DIVA: Exploration and Validation of Hypothesized Drug-Drug Interactions (Unknown language)

In: Computer Graphics Forum   ;  38 ,  3  ;  95-106  ;  2019
  • ISSN:
  • Conference paper  /  Electronic Resource

How to get this document?

Download
Commercial Copyright fee: €14.50 Basic fee: €4.00 Total price: €18.50
Academic Copyright fee: €4.50 Basic fee: €2.00 Total price: €6.50

Adverse reactions caused by drug-drug interactions are a major public health concern. Currently, adverse reaction signals are detected through a tedious manual process in which drug safety analysts review a large number of reports collected through post-marketing drug surveillance. While computational techniques in support of this signal analysis are necessary, alone they are not sufficient. In particular, when machine learning techniques are applied to extract candidate signals from reports, the resulting set is (1) too large in size, i.e., exponential to the number of unique drugs and reactions in reports, (2) disconnected from the underlying reports that serve as evidence and context, and (3) ultimately requires human intervention to be validated in the domain context as a true signal warranting action. In this work, we address these challenges though a visual analytics system, DIVA, designed to align with the drug safety analysis workflow by supporting the detection, screening, and verification of candidate drug interaction signals. DIVA's abstractions and encodings are informed by formative interviews with drug safety analysts. DIVA's coordinated visualizations realize a proposed novel augmented interaction data model (AIM) which links signals generated by machine learning techniques with domain-specific metadata critical for signal analysis. DIVA's alignment with the drug review process allows an analyst to interactively screen for important signals, triage signals for in-depth investigation, and validate signals by reviewing the underlying reports that serve as evidence. The evaluation of DIVA encompasses case-studies and interviews by drug analysts at the US Food and Drug Administration - both of which confirm that DIVA indeed is effective in supporting analysts in the critical task of exploring and verifying dangerous drug-drug interactions.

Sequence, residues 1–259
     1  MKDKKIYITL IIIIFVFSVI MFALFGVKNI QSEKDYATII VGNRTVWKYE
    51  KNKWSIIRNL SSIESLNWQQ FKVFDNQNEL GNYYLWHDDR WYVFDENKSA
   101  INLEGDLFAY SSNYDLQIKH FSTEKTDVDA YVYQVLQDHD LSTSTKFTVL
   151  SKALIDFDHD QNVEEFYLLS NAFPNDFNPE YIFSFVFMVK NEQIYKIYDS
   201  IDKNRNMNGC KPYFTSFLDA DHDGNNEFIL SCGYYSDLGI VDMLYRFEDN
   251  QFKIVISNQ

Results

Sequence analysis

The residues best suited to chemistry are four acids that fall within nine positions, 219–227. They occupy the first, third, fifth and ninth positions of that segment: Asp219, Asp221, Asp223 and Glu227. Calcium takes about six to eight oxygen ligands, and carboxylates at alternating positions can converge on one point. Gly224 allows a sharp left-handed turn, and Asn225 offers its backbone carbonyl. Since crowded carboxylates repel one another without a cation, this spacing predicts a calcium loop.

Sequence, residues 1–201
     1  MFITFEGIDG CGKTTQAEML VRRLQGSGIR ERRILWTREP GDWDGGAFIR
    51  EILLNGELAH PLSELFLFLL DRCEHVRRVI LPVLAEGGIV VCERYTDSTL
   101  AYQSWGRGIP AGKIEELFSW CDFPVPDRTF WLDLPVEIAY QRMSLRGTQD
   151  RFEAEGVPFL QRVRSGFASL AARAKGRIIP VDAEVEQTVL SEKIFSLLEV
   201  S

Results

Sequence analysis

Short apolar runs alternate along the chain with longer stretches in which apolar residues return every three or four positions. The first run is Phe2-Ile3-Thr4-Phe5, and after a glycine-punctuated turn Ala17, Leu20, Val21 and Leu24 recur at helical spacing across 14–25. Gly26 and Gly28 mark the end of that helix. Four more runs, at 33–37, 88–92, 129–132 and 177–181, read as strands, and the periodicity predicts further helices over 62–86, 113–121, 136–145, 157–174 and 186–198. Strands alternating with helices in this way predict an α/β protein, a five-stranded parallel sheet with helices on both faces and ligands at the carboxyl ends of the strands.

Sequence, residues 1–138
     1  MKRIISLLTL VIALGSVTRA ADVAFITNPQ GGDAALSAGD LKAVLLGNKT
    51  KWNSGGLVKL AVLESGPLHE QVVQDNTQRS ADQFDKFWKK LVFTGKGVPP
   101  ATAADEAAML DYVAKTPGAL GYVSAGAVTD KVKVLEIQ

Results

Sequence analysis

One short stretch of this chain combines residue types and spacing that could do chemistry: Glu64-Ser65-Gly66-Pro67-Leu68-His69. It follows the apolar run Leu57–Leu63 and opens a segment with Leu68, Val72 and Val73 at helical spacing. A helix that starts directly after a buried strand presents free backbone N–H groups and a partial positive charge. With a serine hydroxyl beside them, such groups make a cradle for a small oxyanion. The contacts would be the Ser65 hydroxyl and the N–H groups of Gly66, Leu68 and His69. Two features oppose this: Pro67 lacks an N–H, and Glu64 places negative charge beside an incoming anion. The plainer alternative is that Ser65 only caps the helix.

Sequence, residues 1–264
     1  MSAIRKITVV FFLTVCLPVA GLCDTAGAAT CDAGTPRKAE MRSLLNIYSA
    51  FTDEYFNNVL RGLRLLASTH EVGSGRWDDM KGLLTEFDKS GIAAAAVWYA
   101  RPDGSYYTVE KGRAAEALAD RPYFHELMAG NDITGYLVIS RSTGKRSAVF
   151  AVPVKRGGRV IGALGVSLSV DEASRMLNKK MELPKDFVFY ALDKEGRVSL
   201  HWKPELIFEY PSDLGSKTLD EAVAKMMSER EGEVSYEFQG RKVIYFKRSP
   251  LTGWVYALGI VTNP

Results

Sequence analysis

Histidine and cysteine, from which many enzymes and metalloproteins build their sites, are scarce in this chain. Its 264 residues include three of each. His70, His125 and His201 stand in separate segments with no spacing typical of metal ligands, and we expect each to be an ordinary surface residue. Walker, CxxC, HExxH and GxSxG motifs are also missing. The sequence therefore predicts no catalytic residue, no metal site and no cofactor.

Feedback